The global plastic pollution menace has been a great subject of debate as seen in the last 3 United Nations Environmental Assemblies, with sentiments being echoed by other stakeholders who are in the forefront of mitigating the effects of plastic pollution to the environment at large, but more specifically on land, and as if that is not enough, water bodies inhabited with marine life. Videos and photos have surfaced online showing how plastic pollution has interfered with the marine ecosystem, tragically causing death. Irene Maithya of Kenya’s Moi University explains why the need for a legally binding UN treaty on plastic pollution is now urgent and compares the two competing proposals up for debate at current UNEP assembly in Nairobi.
Several countries have expressed the urgent need to manage plastic waste, with some issuing a global statement in support of suggestions of a treaty, both regionally and globally, in managing plastic waste.
Convenience vs Damage
As many may argue, single-use plastic products (SUPPs) provide the convenience as it may be seen with on-the-go products like drinks, shopping bags, fast foods and what have you. But weighing on the discipline portrayed by humans with regards to disposal of these single use plastic products, the damages outweigh the convenience, forcing over 80 countries across the globe to impose various forms of on plastic bags. Kenya’s ban introduced in 2017, has since been called the “world’s strictest” plastic bag ban. Other countries that have since introduced the plastic ban include; Thailand, Rwanda, Malawi, Senegal and South Korea, along with the state of New York.
With the hefty fines imposed, in many countries manufacturers have embraced the change and now produce khaki bags to substitute plastic bags in packaging.
The damage brought by disposal of plastic waste extends to marine life as most of these single use plastic products end up being washed downstream from rivers into large water bodies, leading to the death of marine animals. Not only is it a challenge to marine life but also humans as well as loosely disposed plastics become incubation points for diseases like cholera, especially in slum areas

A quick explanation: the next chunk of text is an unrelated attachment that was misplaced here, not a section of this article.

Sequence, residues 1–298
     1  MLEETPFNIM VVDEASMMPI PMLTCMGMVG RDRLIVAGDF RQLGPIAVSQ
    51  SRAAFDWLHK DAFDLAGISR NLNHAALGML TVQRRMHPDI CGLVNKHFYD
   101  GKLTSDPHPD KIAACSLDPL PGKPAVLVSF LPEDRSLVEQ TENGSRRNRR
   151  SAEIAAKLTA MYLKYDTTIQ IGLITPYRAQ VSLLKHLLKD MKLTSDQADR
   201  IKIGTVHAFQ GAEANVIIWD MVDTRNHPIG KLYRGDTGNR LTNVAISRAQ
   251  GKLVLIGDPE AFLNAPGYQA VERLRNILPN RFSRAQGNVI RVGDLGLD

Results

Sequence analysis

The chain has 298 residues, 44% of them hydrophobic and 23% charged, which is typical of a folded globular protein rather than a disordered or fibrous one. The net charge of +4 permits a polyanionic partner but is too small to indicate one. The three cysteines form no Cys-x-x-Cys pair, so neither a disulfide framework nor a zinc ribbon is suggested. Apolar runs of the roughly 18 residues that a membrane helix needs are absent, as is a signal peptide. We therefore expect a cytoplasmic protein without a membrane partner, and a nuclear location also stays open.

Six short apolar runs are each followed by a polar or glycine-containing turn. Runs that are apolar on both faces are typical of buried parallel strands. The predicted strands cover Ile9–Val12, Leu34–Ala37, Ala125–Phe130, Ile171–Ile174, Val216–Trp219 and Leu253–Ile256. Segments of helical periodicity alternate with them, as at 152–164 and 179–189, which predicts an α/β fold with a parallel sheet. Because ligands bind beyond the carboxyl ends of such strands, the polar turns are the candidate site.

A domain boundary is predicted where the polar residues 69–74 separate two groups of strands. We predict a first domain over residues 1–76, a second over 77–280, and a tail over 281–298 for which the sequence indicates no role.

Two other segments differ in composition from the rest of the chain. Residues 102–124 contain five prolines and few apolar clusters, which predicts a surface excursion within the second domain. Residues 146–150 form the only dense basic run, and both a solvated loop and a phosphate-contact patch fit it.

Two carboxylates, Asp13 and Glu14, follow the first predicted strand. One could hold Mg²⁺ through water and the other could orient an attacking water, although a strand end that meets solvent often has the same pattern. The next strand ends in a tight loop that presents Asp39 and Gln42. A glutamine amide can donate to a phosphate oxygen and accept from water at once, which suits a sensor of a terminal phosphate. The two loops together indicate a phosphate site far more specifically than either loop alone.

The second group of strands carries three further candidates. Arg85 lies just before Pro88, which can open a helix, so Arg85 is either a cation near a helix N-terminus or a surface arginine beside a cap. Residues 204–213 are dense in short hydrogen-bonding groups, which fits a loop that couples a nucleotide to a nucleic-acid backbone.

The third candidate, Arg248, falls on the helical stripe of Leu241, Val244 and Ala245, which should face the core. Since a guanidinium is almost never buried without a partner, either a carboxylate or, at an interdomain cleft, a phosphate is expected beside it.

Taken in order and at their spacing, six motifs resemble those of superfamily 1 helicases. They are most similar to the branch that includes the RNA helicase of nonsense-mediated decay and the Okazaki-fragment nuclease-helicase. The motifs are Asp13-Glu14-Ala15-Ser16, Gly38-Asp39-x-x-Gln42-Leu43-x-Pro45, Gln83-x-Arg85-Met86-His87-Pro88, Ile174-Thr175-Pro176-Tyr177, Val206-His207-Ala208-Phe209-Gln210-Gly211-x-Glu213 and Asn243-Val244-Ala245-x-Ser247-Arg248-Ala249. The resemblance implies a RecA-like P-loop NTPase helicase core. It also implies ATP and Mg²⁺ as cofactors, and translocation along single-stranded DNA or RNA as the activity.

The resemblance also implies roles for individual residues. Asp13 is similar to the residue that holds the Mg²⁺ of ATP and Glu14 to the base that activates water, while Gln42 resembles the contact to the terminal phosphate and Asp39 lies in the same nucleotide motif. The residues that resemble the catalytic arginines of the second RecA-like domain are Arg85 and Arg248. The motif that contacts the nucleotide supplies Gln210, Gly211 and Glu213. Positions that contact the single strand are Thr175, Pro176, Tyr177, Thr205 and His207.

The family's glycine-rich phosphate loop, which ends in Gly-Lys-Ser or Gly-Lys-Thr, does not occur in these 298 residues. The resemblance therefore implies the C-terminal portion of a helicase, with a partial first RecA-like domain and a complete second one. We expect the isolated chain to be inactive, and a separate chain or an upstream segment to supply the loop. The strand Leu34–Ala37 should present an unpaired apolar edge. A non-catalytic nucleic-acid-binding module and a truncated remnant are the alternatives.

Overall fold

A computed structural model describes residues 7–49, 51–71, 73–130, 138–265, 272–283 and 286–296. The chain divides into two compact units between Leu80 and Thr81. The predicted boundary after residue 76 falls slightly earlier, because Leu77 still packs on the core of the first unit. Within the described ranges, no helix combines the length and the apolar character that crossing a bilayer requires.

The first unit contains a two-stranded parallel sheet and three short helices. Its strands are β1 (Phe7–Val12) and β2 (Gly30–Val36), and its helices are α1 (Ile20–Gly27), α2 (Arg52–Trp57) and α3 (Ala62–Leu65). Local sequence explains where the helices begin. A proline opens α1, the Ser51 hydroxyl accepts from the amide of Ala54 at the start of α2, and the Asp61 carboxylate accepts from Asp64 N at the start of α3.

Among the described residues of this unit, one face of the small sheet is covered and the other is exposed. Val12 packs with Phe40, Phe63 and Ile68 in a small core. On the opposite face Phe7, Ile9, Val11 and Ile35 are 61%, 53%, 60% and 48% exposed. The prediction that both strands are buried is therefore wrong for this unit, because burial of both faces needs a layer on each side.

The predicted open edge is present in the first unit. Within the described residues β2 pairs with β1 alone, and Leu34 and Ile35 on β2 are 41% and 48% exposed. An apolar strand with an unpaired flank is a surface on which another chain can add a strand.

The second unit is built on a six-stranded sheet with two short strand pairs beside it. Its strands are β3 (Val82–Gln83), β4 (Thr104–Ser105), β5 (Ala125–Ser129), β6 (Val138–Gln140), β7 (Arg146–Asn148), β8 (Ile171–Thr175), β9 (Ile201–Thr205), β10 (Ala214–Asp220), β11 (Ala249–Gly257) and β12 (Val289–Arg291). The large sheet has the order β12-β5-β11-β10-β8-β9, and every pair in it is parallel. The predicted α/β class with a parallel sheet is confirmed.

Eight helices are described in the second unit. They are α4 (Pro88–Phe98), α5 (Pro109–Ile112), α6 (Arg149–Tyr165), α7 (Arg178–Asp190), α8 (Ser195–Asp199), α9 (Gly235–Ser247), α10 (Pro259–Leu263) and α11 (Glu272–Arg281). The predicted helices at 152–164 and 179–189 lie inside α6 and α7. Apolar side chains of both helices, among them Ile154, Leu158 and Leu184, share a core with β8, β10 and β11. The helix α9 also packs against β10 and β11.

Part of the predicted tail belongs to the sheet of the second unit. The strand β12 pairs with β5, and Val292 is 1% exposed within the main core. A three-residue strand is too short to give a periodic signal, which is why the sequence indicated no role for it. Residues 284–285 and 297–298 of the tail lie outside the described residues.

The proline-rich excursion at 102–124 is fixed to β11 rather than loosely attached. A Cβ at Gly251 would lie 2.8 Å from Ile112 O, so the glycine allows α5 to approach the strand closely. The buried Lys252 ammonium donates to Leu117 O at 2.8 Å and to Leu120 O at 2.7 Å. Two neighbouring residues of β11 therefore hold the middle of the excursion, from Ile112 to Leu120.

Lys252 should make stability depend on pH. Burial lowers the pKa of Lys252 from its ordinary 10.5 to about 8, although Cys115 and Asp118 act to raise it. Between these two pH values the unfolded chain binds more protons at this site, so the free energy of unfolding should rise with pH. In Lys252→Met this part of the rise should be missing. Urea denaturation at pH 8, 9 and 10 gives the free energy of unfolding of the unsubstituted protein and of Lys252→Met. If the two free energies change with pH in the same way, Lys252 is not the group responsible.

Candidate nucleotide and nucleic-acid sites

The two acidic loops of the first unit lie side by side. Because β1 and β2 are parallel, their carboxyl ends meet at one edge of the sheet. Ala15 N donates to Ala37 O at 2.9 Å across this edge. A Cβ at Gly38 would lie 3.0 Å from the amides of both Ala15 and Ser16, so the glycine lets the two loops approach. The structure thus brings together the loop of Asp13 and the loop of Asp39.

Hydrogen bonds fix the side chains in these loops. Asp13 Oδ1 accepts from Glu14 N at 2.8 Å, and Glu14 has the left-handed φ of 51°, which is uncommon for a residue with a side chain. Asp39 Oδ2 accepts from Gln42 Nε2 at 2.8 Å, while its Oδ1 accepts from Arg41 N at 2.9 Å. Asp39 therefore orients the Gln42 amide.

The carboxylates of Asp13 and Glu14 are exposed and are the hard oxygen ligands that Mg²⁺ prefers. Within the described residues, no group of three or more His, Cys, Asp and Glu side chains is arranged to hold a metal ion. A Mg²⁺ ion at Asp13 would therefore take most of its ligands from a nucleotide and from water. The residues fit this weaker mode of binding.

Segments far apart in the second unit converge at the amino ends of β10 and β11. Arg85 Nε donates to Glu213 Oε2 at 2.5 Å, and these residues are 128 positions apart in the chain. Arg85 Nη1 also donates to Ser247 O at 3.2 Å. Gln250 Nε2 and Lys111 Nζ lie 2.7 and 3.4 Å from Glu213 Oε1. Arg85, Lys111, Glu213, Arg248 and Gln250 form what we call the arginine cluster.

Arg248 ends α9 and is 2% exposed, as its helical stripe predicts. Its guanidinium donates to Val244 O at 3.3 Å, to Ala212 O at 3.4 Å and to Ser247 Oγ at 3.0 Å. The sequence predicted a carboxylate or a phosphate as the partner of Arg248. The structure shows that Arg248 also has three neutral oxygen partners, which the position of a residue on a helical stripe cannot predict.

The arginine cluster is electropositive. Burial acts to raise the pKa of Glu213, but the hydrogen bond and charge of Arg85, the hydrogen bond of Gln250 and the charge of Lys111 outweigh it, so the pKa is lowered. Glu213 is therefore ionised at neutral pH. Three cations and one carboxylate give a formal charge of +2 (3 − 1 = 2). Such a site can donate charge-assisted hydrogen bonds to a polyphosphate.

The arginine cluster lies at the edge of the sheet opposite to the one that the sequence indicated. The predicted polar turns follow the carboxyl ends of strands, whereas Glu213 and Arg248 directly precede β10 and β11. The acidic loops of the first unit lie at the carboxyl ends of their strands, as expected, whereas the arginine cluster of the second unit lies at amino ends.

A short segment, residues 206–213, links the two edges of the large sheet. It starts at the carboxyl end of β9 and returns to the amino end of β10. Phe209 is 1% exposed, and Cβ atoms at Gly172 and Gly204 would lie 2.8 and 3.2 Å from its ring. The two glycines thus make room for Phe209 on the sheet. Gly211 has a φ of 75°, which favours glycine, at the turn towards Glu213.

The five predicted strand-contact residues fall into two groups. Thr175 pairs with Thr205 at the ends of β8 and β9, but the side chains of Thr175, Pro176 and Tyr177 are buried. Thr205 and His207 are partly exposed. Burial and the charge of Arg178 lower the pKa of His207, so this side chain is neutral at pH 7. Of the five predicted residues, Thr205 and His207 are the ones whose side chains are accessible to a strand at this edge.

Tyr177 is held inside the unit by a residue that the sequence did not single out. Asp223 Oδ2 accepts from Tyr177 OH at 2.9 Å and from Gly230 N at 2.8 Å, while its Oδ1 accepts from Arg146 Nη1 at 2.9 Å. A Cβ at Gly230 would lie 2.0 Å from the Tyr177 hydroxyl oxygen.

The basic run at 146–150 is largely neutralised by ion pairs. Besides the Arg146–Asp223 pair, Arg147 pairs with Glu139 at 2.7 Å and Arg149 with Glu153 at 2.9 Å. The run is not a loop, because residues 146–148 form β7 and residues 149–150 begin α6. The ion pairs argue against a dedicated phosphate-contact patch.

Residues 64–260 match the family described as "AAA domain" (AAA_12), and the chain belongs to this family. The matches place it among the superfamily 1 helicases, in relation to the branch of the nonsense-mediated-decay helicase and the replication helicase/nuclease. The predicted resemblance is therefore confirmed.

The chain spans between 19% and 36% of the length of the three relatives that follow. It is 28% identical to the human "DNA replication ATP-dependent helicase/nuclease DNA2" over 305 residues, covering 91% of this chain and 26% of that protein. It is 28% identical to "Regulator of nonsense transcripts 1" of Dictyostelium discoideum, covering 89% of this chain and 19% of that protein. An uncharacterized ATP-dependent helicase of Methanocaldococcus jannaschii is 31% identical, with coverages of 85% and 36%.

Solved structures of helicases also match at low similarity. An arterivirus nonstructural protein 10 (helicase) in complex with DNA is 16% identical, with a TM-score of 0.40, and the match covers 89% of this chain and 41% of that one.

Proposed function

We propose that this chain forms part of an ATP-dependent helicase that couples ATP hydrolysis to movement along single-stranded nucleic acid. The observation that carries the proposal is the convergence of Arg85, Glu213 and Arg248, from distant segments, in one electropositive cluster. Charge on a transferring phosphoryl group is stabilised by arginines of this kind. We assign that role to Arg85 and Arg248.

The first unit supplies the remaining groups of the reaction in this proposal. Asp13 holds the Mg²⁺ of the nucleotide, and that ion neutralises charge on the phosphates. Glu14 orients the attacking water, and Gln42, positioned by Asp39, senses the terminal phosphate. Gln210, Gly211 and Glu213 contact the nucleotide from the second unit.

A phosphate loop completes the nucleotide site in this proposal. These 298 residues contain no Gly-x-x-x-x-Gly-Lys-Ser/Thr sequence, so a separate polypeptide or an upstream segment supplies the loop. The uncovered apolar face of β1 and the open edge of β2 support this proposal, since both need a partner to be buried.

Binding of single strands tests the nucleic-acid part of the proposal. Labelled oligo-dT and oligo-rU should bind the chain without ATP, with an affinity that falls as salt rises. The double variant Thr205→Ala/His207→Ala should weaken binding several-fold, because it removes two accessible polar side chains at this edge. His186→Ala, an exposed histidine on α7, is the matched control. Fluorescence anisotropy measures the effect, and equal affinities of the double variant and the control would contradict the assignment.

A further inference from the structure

The Plastic Treaty – Rwanda/Peru and Japan Proposal
A proposal from Rwanda and Peru has been submitted to the United Nations Environment Assembly (UNEA) secretariat in which the duo call for the UNEA to establish an Intergovernmental Negotiating Committee for a new global binding agreement on a comprehensive approach to prevent and mitigate environmental pollution brought by plastics, not forgetting microplastics. In its input in writing submitted to the secretariat for discussion during the second session of the UN Environmental Assembly, Rwanda calls for concrete steps towards international cooperation and coordination on the plastic pollution issue, terming plastic pollution as a major component of international action. The aim is to reduce the reckless disposal of plastics into the environment by addressing all the stages of the plastic life cycle.
Another proposal coined by Japan calls for the UN Environmental Assembly to establish an International Negotiating Committee with the sole mandate of drafting an international legal and binding instrument that addresses marine plastic pollution while “taking into account respective national circumstances”.
Thus, the main difference in the two proposals is that the latter aims to address marine plastic pollution only while the former aims to address all plastic pollution. They however share the sole aim of an International Negotiating Committee being established to draft an international legal and binding agreement to address plastic pollution
With the UNEP assembly currently meeting in Nairobi, Kenya the whole world will be watching to see which proposal will carry the day.
Why a Treaty?
Plastic pollution is universal, and a transnational challenge that requires global action. It is increasingly clear that to prevent plastic pollution requires a dedicated global framework that addresses the full cycle from production, design, to waste management and prevention.
For more on the differences between the two competing treaty proposals, check out this video on the Governing Plastic Network’s Social media.